Water & The Workplace – Hydrate For Health

A thirst for knowledge – some hydration facts
According to the BBC Health page on the effects of dehydration, our bodies are made up of somewhere around 70% water. And when you think of that as a percentage, it just goes to show how important hydration is in our diet.

Among the many things water does for us are helping digestion, keeping our skin healthy, and it also helps us flush out bodily waste. In short, water is really important for the human body so it’s really important that we avoid becoming dehydrated.

How much water should we drink in a day?
This question is difficult to answer, since our water requirements depend on a variety of things such as the ambient temperature (if we’re in a very warm room, for instance, we’re more likely to lose fluids through perspiration), the amount of physical exertion we have going on, and also our metabolism.

The NHS Choices website states that for adults, the Department of Health in the UK recommends (as a guide) that adults get around 1.2 litres a day through fluid intake – but they also point out that the total amount of fluid that the body naturally loses in a day is more than this, but most of the rest is made up by the water contained in food (a lot of fruit and veg is high in fluid content, such as aubergine, cucumber and so on). The body also manages to retain some fluid through chemical reactions that take place within our cells.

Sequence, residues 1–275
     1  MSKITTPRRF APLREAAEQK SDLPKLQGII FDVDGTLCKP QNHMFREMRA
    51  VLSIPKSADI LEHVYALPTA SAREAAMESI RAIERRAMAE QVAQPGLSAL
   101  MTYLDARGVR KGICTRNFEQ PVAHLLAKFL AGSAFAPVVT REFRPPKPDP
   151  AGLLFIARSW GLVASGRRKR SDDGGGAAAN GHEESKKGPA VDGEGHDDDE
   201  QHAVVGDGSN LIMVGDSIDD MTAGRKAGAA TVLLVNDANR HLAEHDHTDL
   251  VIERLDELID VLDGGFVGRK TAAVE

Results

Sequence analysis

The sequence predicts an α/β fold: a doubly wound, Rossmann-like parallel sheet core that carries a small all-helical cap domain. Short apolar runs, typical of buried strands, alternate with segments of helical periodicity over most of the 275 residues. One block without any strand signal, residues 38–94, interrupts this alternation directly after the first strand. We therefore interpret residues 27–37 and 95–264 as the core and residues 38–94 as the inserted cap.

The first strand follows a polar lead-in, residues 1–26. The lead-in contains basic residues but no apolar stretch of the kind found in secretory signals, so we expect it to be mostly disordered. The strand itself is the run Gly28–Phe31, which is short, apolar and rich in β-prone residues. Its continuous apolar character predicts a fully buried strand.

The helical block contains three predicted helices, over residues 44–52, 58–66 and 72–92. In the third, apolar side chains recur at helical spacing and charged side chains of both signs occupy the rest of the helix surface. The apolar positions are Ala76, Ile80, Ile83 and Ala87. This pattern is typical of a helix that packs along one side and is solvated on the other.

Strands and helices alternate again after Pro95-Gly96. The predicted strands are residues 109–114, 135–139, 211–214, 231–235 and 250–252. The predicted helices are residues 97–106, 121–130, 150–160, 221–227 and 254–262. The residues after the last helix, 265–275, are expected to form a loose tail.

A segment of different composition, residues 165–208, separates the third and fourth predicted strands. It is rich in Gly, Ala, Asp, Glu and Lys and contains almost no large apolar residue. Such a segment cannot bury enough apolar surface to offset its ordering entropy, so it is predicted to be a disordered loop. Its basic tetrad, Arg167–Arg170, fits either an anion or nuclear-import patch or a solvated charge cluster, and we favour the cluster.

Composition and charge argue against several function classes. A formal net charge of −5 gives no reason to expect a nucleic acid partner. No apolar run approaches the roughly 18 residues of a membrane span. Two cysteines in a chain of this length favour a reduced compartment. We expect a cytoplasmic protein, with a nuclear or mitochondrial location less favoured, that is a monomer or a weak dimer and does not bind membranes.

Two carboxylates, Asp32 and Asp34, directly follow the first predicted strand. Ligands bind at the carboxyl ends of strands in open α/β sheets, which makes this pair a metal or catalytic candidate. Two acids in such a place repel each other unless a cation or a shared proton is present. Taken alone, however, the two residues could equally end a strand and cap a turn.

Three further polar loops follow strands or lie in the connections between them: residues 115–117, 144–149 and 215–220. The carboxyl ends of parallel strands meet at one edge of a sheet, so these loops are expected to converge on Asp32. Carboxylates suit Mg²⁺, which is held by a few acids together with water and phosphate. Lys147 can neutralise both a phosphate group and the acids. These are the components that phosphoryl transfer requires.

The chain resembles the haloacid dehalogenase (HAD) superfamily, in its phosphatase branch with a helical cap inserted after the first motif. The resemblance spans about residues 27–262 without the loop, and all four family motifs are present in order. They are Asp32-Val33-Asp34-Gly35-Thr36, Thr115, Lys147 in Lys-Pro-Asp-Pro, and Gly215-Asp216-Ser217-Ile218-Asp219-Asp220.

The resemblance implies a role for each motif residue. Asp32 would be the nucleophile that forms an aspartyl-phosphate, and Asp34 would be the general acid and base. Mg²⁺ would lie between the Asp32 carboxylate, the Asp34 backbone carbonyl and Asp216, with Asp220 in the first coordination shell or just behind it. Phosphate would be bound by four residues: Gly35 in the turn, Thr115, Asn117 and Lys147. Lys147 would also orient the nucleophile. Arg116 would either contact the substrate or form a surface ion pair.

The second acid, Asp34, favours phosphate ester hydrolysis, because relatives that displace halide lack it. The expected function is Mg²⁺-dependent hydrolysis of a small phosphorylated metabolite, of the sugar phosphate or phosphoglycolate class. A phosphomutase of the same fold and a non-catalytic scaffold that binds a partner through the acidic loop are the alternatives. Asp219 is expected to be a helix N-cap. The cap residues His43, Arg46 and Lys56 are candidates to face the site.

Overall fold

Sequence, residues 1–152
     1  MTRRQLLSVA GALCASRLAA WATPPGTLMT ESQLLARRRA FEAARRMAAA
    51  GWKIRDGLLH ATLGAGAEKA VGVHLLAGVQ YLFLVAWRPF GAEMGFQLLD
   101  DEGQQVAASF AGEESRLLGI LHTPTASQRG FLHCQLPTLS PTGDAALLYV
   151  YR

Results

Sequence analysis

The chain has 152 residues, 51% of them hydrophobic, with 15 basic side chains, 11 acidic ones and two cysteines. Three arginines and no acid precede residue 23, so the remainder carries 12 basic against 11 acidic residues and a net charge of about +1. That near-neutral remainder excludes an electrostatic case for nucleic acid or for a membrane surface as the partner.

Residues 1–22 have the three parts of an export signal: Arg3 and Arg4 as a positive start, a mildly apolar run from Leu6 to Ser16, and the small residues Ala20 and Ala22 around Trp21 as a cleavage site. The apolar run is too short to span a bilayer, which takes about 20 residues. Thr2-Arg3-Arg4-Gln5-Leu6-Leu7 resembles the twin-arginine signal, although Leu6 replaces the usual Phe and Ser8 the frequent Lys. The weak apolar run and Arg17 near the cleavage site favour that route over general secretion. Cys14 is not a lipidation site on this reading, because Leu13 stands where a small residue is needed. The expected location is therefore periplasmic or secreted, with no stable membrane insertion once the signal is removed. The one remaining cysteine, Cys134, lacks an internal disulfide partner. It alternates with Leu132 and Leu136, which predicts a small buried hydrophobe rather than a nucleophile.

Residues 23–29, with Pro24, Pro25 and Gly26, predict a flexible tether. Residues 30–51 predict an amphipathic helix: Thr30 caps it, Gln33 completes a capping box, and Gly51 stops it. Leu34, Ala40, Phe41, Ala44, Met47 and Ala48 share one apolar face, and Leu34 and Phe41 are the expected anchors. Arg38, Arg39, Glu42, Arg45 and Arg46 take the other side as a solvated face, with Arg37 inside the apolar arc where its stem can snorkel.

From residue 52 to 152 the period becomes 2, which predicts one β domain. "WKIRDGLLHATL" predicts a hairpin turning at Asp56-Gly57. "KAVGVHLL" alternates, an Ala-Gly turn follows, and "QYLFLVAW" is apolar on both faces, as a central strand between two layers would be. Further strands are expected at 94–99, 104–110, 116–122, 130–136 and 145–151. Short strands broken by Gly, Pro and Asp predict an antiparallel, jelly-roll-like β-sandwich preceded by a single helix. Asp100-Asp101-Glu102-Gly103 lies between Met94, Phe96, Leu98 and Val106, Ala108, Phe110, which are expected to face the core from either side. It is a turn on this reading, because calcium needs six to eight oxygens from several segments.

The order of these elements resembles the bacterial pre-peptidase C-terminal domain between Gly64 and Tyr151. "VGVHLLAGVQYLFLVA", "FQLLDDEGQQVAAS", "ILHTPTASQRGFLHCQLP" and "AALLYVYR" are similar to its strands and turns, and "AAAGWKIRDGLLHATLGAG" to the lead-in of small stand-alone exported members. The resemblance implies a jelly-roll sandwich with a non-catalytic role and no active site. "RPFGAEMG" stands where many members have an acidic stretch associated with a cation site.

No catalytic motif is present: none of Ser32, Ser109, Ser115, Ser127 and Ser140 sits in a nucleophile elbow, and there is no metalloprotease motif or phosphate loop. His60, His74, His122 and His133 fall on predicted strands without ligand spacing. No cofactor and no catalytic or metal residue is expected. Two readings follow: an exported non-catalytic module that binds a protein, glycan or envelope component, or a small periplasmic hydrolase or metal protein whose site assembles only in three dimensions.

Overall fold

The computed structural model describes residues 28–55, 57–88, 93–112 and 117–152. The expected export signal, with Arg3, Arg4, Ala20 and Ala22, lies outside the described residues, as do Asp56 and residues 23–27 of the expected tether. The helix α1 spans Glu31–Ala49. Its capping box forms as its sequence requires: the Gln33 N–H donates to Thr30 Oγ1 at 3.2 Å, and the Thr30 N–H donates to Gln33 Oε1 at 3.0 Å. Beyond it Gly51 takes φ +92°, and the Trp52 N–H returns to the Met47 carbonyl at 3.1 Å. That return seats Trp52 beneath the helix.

Rehydration in the workplace
The now ubiquitous office water coolers – seen in most offices, plus mains water purifying machines – are great places to get hydrated during the working day. Water is a thirst quencher but unlike fizzy drinks doesn’t pose a risk in terms of the health of our teeth, and of course is calorie free – making it the original and best diet drink!

Obviously, if you don’t have access to a water cooler, then make sure that any water you drink or use to make hot drinks with comes from a mains tap – normally this will be the one that’s provided along with the kitchen facilities.

Don’t get dehydrated
To avoid dehydration, it’s best to avoid being thirsty for extended periods of time, and make sure you get a drink of water if you do find yourself thirsting. It’s also best to know the signs of dehydration which can include lightheadedness, dizziness, and less need than usual to pass water.

Featured images:
  •  License: Royalty Free or iStock source: http://www.sxc.hu/help/7_2

Jen Jones writes on workplace health topics such as small business health insurance, nutrition, and stress management for a number of business and healthy living blogs.

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